Session: #125

Theme & Session Format

Interpreting the archaeological record: artefacts, humans and landscapes
Session format:
Regular session

Title & Content

Communities, Identities, Rituals. The Bronze/Iron Age Urnfields as a Pan-European Phenomenon
The Bronze/Iron Age urnfields covered a vast area and proceeded through chronological periods starting from mid. 2nd millenium BC. Despite long history of research, the urnfield evidence is rarely used in multifaceted studies on Bronze and early Iron Age. The high number of similar forms of pottery – the most common type of urns and/or grave goods in cremation graves resulted in a fact that most archaeologists argue that new discoveries do not improve our knowledge of the past societies considerably. We are however convinced the urnfields deserve high research interests and the data they provide may give us many answers if we try to post new questions.
Main objective of the session is to compare investigatory procedures developed for the Bronze/Iron Age urnfields in various parts of Europe. We invite scholars from various fields to go beyond typological and chronological studies to present results of analysis which are rarely carried out and discussed in the urnfield archaeology: from use-wear studies, analysis of vessels' content to observations of non-metric dental traits, palaeodemography, spatial analysis ect. The main question is: what do we know about the communities that used the urnfields from the data collected over decades? What was their biological and cultural life quality? What was the rules of grave good selection? Were the grave goods new or used? Produced from the same raw materials and with the use of the same technology and expected quality as objects from the settlements? How can we compare data obtained from urnfields and other types of sites (e.g settlements)? How did the demographic profile (mortality and fertility) of the population look like? The urnfields are always sites used for many generations thus the variety of analysed phenomena can be interpreted in diachronic perspective as well.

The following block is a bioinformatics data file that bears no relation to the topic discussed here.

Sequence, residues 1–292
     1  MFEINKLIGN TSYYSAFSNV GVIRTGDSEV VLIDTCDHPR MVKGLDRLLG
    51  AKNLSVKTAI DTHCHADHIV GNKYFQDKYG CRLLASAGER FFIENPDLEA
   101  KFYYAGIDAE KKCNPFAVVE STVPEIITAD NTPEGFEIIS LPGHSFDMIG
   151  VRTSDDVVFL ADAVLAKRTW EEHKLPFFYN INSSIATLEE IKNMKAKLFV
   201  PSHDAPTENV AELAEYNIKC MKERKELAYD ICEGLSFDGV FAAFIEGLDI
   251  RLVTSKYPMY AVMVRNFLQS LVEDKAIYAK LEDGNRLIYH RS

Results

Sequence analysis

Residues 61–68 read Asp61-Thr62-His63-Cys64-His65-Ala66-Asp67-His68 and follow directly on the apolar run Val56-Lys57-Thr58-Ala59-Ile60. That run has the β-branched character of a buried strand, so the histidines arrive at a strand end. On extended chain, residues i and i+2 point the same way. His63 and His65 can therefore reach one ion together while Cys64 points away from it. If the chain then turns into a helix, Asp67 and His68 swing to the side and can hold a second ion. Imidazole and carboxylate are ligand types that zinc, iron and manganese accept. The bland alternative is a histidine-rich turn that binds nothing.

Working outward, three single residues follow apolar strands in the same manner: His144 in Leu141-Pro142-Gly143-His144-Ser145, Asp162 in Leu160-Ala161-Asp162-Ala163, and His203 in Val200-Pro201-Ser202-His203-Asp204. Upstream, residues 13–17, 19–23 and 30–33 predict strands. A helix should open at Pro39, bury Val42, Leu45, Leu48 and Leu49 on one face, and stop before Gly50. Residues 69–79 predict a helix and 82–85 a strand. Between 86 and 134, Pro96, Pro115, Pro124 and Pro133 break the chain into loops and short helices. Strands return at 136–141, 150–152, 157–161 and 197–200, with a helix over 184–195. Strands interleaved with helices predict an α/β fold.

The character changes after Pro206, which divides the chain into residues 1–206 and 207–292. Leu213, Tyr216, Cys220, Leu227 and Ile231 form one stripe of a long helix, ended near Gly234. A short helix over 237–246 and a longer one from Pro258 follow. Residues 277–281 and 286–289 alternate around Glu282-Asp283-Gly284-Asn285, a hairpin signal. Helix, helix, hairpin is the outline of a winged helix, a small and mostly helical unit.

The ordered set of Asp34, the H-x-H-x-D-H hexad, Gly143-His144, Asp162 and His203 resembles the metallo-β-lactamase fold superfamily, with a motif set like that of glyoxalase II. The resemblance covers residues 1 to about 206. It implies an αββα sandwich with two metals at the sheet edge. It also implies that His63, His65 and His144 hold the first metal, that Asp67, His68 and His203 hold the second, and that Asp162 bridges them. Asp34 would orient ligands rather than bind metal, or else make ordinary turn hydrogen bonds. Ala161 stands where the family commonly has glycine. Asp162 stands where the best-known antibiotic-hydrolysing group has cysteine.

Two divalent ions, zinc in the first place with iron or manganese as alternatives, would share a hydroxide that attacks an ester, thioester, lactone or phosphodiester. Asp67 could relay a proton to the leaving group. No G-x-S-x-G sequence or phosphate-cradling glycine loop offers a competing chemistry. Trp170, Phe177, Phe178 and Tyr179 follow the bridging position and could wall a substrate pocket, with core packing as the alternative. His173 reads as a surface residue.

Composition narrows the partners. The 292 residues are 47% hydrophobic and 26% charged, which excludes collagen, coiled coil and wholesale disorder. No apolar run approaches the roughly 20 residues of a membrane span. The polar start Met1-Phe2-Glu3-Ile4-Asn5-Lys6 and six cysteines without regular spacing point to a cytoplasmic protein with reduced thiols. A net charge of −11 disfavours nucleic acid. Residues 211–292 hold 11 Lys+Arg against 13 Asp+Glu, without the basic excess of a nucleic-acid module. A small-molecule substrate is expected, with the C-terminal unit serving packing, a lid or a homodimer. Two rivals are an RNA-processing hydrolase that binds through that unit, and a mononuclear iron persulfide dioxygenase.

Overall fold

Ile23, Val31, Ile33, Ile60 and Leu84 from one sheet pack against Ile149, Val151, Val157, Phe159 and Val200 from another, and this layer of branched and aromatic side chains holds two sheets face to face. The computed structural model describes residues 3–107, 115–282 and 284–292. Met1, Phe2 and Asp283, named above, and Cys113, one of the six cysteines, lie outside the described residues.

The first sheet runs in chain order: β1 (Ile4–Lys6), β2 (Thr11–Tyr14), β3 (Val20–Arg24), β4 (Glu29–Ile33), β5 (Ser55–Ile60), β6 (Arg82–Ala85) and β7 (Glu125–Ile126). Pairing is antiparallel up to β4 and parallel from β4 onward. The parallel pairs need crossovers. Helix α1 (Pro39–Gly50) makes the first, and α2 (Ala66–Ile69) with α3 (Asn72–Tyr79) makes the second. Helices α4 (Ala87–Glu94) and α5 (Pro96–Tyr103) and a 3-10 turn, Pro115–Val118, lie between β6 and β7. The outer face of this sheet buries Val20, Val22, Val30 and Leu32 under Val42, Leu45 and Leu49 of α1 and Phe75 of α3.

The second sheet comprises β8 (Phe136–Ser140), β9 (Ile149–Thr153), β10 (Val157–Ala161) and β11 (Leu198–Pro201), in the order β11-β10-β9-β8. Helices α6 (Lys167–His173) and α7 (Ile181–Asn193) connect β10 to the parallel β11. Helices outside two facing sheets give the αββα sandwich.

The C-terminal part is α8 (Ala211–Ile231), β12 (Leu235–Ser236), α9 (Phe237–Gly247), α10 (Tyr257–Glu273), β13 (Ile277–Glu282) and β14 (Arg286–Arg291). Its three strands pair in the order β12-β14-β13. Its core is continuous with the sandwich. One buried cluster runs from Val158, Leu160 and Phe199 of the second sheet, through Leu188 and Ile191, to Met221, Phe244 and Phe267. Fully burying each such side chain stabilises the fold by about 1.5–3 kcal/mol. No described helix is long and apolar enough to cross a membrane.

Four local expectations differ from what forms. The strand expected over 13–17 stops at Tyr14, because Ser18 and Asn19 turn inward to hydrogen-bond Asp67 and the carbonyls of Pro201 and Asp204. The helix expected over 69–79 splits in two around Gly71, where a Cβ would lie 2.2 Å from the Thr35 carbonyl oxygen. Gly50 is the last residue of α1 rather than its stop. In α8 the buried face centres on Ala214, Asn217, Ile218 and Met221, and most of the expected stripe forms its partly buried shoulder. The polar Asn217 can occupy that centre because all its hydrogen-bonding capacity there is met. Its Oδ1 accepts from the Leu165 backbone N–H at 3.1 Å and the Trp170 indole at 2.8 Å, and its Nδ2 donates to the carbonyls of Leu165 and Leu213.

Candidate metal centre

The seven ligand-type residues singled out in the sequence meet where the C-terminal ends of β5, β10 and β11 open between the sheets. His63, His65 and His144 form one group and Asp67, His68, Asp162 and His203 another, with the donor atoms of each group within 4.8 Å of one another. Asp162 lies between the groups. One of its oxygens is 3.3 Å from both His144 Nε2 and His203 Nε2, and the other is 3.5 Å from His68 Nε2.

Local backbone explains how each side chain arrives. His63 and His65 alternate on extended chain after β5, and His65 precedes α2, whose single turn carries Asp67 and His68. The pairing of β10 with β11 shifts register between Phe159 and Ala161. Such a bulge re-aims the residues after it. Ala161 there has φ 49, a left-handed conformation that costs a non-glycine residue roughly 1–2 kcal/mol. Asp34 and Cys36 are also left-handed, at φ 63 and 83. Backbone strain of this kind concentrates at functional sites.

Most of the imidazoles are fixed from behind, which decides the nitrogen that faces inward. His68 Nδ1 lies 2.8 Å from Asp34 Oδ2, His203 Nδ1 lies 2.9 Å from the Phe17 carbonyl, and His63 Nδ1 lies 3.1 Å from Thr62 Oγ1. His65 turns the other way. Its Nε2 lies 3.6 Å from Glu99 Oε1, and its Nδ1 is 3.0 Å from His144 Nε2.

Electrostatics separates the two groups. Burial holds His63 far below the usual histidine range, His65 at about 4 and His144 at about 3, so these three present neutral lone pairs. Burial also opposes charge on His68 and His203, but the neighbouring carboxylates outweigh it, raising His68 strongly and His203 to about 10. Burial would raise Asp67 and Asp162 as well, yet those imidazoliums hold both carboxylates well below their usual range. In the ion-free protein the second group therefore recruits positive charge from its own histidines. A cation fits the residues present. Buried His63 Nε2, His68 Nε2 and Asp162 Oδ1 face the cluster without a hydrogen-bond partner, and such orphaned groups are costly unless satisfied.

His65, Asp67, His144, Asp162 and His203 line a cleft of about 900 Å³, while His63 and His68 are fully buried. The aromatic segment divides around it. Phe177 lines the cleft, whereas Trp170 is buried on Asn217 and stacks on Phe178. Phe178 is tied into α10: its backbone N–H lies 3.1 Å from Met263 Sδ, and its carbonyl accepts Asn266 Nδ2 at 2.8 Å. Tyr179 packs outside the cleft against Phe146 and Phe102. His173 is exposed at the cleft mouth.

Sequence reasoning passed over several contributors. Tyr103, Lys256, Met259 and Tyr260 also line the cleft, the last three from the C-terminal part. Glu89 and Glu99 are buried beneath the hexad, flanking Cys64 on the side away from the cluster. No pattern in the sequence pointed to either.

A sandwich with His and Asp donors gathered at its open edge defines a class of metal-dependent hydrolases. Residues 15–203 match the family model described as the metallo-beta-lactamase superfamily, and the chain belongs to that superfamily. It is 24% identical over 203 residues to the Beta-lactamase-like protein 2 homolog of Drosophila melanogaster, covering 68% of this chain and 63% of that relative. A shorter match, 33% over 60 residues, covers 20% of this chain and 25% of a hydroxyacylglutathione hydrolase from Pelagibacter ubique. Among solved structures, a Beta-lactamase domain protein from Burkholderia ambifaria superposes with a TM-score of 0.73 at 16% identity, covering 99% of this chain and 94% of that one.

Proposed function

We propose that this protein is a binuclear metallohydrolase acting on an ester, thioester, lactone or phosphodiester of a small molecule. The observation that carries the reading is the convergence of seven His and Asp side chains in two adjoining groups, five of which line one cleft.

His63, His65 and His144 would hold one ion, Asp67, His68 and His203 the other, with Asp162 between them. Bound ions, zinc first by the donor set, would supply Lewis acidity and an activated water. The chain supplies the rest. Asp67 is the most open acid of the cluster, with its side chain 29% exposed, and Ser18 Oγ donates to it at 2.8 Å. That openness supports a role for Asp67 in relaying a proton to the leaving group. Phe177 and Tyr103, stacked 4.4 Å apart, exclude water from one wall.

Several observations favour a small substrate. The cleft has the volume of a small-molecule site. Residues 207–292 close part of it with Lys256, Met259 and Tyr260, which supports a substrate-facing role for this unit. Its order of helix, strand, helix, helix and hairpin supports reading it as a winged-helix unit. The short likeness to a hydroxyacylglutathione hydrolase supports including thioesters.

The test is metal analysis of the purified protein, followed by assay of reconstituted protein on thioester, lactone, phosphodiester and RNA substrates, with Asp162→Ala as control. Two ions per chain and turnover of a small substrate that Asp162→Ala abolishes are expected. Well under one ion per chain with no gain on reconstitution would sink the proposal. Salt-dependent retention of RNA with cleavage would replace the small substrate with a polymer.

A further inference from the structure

Bronze Age, Iron Age, urnfields
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Main organiser:
Justyna Baron (Poland) 1
Grażyna Liczbińska (Poland) 2
Georgi Ivanov (Bulgaria) 3
Stéphane Rottier (France) 4
1. University of Wrocław
2. Adam Mickiewicz University in Poznań
3. National Archaeological Institute with Museum – Bulgarian Academy of Sciences, Sofia
4. University of Bordeaux